Interview with The Isbourne

If you're an aspiring yogi or curious about mindfulness and meditation, then look no further as SoGlos chats to two of The Isbourne's teachers, Jo Fellows and Kathryn Buxton, about bending your body and mind into better shape.

From perfecting your downward dog to honing the art of meditation, The Isbourne in Cheltenham is the perfect place for trying something new.

With decades of experience between them, The Isbourne’s expert teachers Kathryn Buxton and Jo Fellows share their top tips for getting your mind and body in shape, as SoGlos asks just how easy is it to get into meditation and mindfulness?


Kathryn Buxton

Having trained with the British School of Meditation, Kathryn Buxton specialises in Buddhist meditation and hosts retreats across the county. Debunking the myths of meditation, Kathryn shares her tips with SoGlos.

What are the benefits of meditation?

It relaxes you, helps you to sleep and feel calmer. For me, the real benefit of meditation is that it enables you to see and label the kind of thoughts you have habitually running through your mind (planning thoughts, sad thoughts, worried thoughts, anxious thought etc.) It’s this insight that enables you to put some space between you and your thoughts.

Do you need to have lots of time to practice meditation?

No, not at all. You can practice mindfulness meditation at any time of the day (brushing your teeth, having a shower, washing the dishes).

So often we carry out these tasks mindlessly and our thoughts are elsewhere. Stopping and purposely being with the experience of brushing your teeth – the sounds, the smells and the feel of it, is the basis for the more formal practice of mindfulness meditation. If you can sit formally for five minutes a day, just noticing the breath going in and out, then that is an excellent start. I normally meditate for 20 minutes a day, sometime less if life gets in the way!

What are the common misconceptions about meditation?

The big one is that you have to empty your mind to meditate and that simply isn’t true. Even hardened meditators find it almost impossible to empty the mind. After all, the mind is designed to think and plan. What you are doing in meditation is watching the mind think and plan; you are not your mind and you can observe what it wants you to pay attention to. I can’t tell you how liberating it feels to realise that I am not my thoughts!

The other misconception is that there are ‘good’ meditation experiences (usually when you feel particular calm and blissed out) and ‘bad’ meditation experiences (normally when the mind chatter is incessant). I teach that there is no good or bad experience; there is only the experience you are having in the moment which is perfectly fine.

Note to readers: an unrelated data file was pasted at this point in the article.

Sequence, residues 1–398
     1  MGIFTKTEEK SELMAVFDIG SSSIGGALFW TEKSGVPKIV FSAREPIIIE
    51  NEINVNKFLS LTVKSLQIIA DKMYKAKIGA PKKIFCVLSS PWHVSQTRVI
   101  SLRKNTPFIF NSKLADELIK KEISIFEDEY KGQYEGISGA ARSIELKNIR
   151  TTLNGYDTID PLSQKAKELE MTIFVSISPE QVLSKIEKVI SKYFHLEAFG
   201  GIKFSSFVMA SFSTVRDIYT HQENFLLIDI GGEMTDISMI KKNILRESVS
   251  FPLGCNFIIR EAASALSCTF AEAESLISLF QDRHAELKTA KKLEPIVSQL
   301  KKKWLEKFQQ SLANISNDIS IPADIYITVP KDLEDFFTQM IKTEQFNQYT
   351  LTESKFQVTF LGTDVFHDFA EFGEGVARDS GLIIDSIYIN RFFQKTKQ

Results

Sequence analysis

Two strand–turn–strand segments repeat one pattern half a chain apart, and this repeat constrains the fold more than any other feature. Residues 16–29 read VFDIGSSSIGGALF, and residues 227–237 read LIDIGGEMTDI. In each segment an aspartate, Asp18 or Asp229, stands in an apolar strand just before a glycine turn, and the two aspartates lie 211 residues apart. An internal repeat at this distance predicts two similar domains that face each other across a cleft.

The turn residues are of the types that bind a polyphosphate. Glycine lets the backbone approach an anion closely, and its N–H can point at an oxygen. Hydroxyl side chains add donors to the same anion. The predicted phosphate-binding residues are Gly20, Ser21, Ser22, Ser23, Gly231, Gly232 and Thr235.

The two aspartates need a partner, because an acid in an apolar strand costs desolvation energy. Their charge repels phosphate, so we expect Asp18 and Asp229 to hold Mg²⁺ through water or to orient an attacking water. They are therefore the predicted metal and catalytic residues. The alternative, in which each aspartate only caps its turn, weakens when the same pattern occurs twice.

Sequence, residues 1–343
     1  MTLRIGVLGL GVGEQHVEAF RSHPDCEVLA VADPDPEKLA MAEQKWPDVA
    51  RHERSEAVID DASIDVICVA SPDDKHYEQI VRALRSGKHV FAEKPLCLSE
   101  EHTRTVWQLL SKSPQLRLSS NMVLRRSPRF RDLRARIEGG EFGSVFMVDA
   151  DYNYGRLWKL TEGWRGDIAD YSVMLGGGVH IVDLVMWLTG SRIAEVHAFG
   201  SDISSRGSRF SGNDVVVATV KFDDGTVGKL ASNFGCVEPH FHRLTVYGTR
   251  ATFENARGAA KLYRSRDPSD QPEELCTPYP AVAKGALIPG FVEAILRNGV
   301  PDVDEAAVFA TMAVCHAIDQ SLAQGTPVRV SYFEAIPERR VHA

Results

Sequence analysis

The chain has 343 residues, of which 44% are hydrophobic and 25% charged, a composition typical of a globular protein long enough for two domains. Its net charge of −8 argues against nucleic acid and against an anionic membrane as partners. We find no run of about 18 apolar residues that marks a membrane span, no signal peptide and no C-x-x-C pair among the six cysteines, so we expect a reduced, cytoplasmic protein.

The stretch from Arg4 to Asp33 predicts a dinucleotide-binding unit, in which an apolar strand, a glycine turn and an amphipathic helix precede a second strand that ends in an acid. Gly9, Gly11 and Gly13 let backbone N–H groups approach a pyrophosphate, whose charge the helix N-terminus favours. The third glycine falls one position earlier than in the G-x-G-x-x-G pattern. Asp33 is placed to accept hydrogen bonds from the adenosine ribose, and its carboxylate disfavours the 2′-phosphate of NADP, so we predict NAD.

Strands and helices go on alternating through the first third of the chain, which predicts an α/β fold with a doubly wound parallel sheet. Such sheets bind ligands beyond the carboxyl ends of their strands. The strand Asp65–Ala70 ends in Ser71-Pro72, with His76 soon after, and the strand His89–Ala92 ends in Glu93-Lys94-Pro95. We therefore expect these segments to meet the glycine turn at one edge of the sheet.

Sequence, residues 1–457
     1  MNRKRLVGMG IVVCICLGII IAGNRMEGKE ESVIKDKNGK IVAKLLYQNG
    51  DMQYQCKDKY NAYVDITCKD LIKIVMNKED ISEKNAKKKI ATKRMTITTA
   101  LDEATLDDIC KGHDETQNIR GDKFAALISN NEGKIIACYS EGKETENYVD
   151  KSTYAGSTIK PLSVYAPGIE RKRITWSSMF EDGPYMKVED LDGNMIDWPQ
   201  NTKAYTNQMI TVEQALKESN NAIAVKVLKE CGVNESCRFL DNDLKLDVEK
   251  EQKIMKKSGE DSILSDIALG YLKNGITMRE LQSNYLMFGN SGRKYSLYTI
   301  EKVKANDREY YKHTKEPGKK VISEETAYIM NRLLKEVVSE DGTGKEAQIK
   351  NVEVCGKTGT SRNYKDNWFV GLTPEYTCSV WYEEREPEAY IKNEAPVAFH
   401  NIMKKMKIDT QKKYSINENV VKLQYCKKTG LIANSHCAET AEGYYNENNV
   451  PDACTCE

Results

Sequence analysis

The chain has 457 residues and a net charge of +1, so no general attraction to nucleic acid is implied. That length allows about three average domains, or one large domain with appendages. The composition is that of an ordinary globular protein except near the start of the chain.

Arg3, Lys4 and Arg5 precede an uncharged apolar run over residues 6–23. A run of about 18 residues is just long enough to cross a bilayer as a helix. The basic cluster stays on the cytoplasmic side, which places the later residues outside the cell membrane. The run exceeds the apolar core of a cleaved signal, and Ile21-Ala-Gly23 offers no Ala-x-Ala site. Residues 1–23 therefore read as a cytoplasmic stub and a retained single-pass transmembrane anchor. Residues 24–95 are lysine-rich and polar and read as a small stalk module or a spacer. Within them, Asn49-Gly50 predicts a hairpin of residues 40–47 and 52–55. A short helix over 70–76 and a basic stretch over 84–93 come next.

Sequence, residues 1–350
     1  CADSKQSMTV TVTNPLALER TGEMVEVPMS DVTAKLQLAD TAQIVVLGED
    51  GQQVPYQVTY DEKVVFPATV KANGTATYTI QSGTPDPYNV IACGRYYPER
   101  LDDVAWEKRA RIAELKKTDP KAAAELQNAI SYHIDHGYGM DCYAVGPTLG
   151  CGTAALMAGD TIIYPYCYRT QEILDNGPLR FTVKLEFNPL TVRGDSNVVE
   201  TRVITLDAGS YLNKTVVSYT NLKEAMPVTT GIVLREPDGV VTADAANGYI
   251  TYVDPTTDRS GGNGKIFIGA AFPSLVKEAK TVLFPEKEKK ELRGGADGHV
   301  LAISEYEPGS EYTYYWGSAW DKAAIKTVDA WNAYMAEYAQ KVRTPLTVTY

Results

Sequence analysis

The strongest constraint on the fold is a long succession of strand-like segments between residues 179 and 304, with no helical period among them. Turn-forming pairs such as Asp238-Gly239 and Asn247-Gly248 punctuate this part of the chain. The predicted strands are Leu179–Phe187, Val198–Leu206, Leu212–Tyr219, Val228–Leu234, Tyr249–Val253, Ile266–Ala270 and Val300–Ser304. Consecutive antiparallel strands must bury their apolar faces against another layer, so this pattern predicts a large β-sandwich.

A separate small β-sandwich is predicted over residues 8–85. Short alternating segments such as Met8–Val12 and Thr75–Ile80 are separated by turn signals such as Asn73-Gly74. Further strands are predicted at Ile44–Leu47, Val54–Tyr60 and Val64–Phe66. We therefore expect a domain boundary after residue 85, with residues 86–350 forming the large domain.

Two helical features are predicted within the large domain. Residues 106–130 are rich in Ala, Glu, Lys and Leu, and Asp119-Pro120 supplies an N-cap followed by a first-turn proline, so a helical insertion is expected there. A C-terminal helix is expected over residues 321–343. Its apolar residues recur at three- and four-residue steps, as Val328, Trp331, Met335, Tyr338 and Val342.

Jo Fellows

Master of all things Reiki, yoga and meditation, Jo Fellows specialises in classes that help to revitalise the body and mind. Teaching at The Isbourne and across the Cotswolds, Jo helps debunk the preconceptions about practicing mindfulness.

What are the benefits of yoga?

Improvements to your flexibility are one of the first and most obvious benefits of yoga. If you stick with it, you’ll notice a gradual loosening, and eventually, seemingly impossible poses will become possible. You’ll also probably notice that aches and pains start to disappear. That’s no coincidence.

Tight hips can strain the knee joint due to improper alignment of the thigh and shinbones. Tight hamstrings can lead to a flattening of the lumbar spine, which can cause back pain.

Yoga also helps build muscle strength, perfects your posture, prevents cartilage and joint breakdown, protects your spine, betters your bone health, increases your blood flow, drains your lymphs and boosts immunity among many other benefits.

What are the benefits of reiki?

Reiki aims to restore and stimulate your body’s own natural healing capacity and take you into a deep state of relaxation and peace, allowing your body to re-balance and to support you in feeling more connected to life.

Reiki gently balances and calms the emotions, restores self-worth and gives back a sense of purpose. Reiki has been found to be especially beneficial for stress, grief, worry and anxiety. Often, painful conditions are relieved by Reiki, as it promotes deep peace and relaxation within, so easing tension. Regular Reiki treatments promote a calmer response to life’s challenges.

What advice would you give to someone trying yoga for the first time?

Yoga is suitable for everyone and anyone. There is no limit. We are all different, our bodies are different so we will all have different starting points.
If you want to feel better in yourself, and benefit from all the benefits above, then give it a go! My tips would be to find a good yoga teacher, breathe, don’t compare yourself to others, and wear loose and comfortable clothing.


For more information, see The Isbourne , call (01242) 254321, or visit isbourne.org directly.

© SoGlos
Monday 16 July 2018

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